How Fed rate increase will affect the interest you pay on your credit cards


July 04, 2004|By EILEEN AMBROSE

MILLIONS of consumers will get a firsthand look at Federal Reserve monetary policy in action when they tear open their next credit-card statement.

After four years without a rate increase, Fed policy-makers last week raised a key short-term interest rate by one-quarter of 1 percent. Many credit-card issuers won't waste much time adjusting the rates they offer customers, experts said.

The average interest rate on variable-rate cards last week was 13.5 percent, according to, and a quarter-point increase won't have a big impact. Someone with a $10,000 card balance, for example, will pay an extra $25 a year in interest.

But rate increases aren't likely to stop here. Economists predict a few more rate increases from the Fed this year, gradually pushing the short-term federal funds rate from 1.25 percent to 2 percent.

"It's a slow burn. It will slowly eat into that discretionary income," said Robert McKinley, chief executive officer of, an online publisher of card information based in Frederick.

Credit experts suggest now is a good time for consumers to review the plastic in their pockets. In the past year, many card issuers have increased fees and made it easier for customers to trigger penalties. And card terms might be in for further change as rates are raised, experts said.

Some also recommend that in a rising interest environment, consumers might reconsider how much debt they carry on plastic.

"Everybody is talking about that we can't borrow as much" when rates go up, said Jim Tehan, a spokesman with Myvesta, a consumer education group in Rockville. "This could be a great wake-up call to get better control of finances. It's a lot harder for [consumers] to get deeper in debt, which isn't such a bad thing."

The first cardholders to notice a change as a result of the Fed move will be those with variable-rate credit cards, which are half the cards in the marketplace. The interest rate on most variable-rate cards will go up this month or next, McKinley said.

A fixed-rate card is no protection against rising rates. Still, it will take a little more time before fixed-rate cardholders feel the impact of rising rates, experts said.

Issuers must give consumers 15 days' notice if a fixed rate is being changed. If the Fed raises rates a second time at its meeting next month, card issuers will likely begin notifying cardholders that their fixed rate is going up, McKinley said. And if interest rates continue to climb, he said, some issuers will abandon the fixed rate and switch their customers' cards to variable rate.

"There is no such thing as `fixed' in the card industry," he said.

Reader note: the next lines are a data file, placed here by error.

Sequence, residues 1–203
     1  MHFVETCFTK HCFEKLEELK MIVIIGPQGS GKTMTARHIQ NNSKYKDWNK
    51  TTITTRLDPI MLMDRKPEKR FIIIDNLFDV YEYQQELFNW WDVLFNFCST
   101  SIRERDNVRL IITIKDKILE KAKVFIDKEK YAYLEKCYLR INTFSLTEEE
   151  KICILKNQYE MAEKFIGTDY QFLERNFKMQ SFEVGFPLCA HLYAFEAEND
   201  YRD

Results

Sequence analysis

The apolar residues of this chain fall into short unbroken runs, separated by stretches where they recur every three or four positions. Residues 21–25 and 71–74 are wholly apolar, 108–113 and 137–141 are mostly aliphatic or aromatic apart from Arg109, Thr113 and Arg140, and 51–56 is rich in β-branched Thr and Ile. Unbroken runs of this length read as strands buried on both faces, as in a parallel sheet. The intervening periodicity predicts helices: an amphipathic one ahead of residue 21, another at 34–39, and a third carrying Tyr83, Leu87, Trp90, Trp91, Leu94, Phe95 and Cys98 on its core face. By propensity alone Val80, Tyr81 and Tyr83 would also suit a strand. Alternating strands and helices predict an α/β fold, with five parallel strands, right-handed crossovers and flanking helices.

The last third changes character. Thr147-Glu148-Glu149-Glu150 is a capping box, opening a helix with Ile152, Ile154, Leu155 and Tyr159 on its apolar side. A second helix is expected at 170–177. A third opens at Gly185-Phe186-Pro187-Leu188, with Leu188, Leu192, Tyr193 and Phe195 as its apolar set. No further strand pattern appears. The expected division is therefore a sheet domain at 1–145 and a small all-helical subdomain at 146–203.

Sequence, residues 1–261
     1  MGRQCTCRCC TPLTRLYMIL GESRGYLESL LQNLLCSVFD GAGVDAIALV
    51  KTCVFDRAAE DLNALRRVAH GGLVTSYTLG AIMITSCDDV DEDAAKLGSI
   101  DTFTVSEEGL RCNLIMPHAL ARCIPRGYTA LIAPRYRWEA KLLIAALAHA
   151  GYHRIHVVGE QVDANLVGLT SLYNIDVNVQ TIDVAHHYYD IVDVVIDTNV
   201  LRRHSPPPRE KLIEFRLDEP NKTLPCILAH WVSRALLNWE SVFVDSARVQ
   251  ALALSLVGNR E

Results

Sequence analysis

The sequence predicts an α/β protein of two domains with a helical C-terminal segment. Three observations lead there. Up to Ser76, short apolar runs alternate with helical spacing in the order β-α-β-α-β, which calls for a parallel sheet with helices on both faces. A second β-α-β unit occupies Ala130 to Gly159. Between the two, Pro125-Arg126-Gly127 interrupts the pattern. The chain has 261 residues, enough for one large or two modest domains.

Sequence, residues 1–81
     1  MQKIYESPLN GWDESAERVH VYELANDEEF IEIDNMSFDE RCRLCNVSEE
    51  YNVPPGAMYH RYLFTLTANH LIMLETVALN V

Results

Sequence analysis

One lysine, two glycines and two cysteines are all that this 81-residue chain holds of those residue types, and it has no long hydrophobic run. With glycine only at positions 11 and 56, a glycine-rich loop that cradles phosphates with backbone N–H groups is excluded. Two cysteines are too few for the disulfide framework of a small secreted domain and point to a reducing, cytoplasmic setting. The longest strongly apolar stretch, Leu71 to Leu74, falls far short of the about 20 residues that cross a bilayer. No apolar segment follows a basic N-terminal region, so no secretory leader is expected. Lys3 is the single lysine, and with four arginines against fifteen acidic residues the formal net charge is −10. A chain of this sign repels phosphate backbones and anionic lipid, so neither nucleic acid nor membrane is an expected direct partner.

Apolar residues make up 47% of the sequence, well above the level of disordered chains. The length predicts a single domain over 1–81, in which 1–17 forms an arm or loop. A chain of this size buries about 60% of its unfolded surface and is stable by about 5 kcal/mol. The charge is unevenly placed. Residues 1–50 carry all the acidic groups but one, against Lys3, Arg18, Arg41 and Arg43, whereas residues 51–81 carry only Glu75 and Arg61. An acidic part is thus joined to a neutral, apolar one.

While issuers are making interest-rate changes, they also might revise a card's other terms, McKinley said. For example, more issuers might move to a 20-day grace period from a 25-day period - the time when customers don't have to pay interest on new purchases, he said.

Consumers should closely read their statements and any notices from the card company in future weeks to catch any revisions, McKinley advised.

Some consumers, though, might not be aware that their terms have already changed over the past year. Fees and penalties have been climbing.

"They are larger and you get hit faster," said Gerri Detweiler, author of The Ultimate Credit Handbook.

Consumer Action, an advocacy group based in California, recently examined 140 cards issued by 45 banks. The group found that late fees averaged $27.45, a 60-cent increase in one year. Some late fees at major banks were as high as $39.

Nearly 60 percent of banks surveyed also had a cut-off time for late payments. That means even if your payment arrives on the day it's due, you can be whacked with a late fee if it comes in an hour or so after the cut-off time.

It gets worse.

Most banks punish consumers by raising their interest rate if they are late once or twice with a payment or go over their credit limit, Consumer Action said. The average penalty rate was 22.9 percent, or 1.38 percentage points higher than a year ago. Some penalty rates, though, are a steep 29.99 percent.

Even making on-time credit card payments doesn't always protect you against penalty rates. Forty-four percent of banks surveyed will raise your card's rate if you are tardy paying another creditor, Consumer Action found.

The consequences can be severe.

Take a card with a 14 percent interest rate and a $2,500 balance. By making the minimum payment each month, it would take 16 years and paying $1,980 in interest to erase the debt, Tehan said.

But what happens if your card issuer penalizes you by doubling your rate to 28 percent? Now it would take 101 years to pay off the card through minimum payments and over that time you - and your heirs - would have paid $30,165 in interest.

Linda Sherry, editorial director with Consumer Action, said people can avoid late fees by sending in the minimum payment - 2 percent to 3 percent of the balance - a week or two before the due date.

If you do get slapped with a late fee, complain, Detweiler advised. Card issuers occasionally will waive a late fee for consumers with a track record of on-time payments, she said.

And shop around. Even if rates go up, it's a competitive industry and there are still cards being offered with attractive terms, experts said.

Online resources for finding a card include www.cardtrack. com, and

To suggest a topic, contact Eileen Ambrose at 410-332-6984 or by e-mail at

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